Price Adaptation Strategies and Marketing Management
Pricing strategy is a huge element of an overall marketing strategy. In some cases, companies establish a set price for a good or service that is constant across the business. However, some companies use adaptation strategies, which means different customers pay different prices in certain circumstances. This approach has some merits but also some marketing management risks.
One of the most common forms of adaptation involves the use of special pricing and discounts. A furniture store might offer free delivery to a customer who buys $1,000 or more in products, for instance, but not to one who only purchases $300 in goods. Similarly, a manager at one store may discount a product that doesn't sell well, but the other stores in the chain may maintain a constant price point. Coupon promotions are a common tool to discount for price-sensitive buyers without offering a promotional price to everyone.
Another common adaptation approach is geographical pricing. Instead of having a company-wide price, you set prices based on geographical factors. The costs of property, materials, equipment and labor can vary in different regions or countries. Thus, some businesses adjust prices to maintain a consistent profit margin. You might also price based on varying geographical demand for particular goods and services, and the income levels of customers in a particular marketplace.
Though the term itself sounds negative, discriminatory pricing is a fairly common adaptation strategy. With this strategy, you charge different prices to customers based on certain factors. Student discounts and senior citizen discounts are often used by companies to attract or cater to these particular customer types. Sports and entertainment venues routinely apply discriminatory pricing by charging different prices for seating for events. Airlines adjust ticket prices based on the timing of your purchase. Some companies also offer discounts if you buy goods or services in advance.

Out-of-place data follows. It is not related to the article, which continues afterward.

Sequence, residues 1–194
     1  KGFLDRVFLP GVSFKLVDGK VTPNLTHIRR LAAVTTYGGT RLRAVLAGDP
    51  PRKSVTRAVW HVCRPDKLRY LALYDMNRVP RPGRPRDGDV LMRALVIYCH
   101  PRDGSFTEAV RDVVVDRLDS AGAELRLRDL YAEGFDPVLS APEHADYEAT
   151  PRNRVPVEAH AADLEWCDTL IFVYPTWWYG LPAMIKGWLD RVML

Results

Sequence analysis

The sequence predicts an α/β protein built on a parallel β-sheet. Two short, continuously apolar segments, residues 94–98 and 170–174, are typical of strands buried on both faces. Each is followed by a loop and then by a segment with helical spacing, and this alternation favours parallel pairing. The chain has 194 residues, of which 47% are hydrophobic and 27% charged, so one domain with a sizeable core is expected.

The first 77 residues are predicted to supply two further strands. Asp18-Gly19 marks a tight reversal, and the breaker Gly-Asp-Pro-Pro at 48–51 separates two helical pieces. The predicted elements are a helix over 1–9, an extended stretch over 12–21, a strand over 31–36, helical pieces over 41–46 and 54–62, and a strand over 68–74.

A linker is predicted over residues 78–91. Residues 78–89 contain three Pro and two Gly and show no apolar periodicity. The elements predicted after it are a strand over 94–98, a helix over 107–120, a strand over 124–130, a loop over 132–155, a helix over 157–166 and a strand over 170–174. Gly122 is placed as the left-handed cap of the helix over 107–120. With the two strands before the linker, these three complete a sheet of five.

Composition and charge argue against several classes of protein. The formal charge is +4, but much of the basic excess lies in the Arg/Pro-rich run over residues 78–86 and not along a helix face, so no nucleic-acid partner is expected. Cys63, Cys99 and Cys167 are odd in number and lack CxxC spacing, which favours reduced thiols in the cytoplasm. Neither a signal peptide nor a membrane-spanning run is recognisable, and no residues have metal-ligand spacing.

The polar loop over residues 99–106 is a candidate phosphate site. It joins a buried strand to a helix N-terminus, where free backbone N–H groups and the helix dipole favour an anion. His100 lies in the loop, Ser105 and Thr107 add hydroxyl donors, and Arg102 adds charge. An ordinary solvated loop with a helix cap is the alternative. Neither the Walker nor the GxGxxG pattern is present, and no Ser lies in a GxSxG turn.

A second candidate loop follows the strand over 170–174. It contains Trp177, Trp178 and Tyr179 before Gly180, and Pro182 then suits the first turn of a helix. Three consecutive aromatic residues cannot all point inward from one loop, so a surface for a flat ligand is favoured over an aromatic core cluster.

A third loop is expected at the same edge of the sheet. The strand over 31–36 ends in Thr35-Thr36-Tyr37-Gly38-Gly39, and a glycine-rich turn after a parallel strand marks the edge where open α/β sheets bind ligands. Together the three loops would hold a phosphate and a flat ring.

Bundle pricing means that your total price is based on how many products or services you purchase in combination, though individual prices are constant. A customer of a telecommunications company might pay less per service if he carries local, long-distance, mobile, Internet and digital television services with the same provider. Someone buying one or two services individually would likely pay more per service.
From a marketing management perspective, you have to weigh the long-term revenue, profit and customer-retention benefits and risks of each adaptation approach. In general, if a strategy alienates a sizable portion of your core customer group, it likely isn't a good idea. Many companies catch flack from existing customers when they offer better "new customer" incentives than were previously offered. Some companies accommodate upset customers to retain them, but they may still suffer some negative word-of-mouth advertising.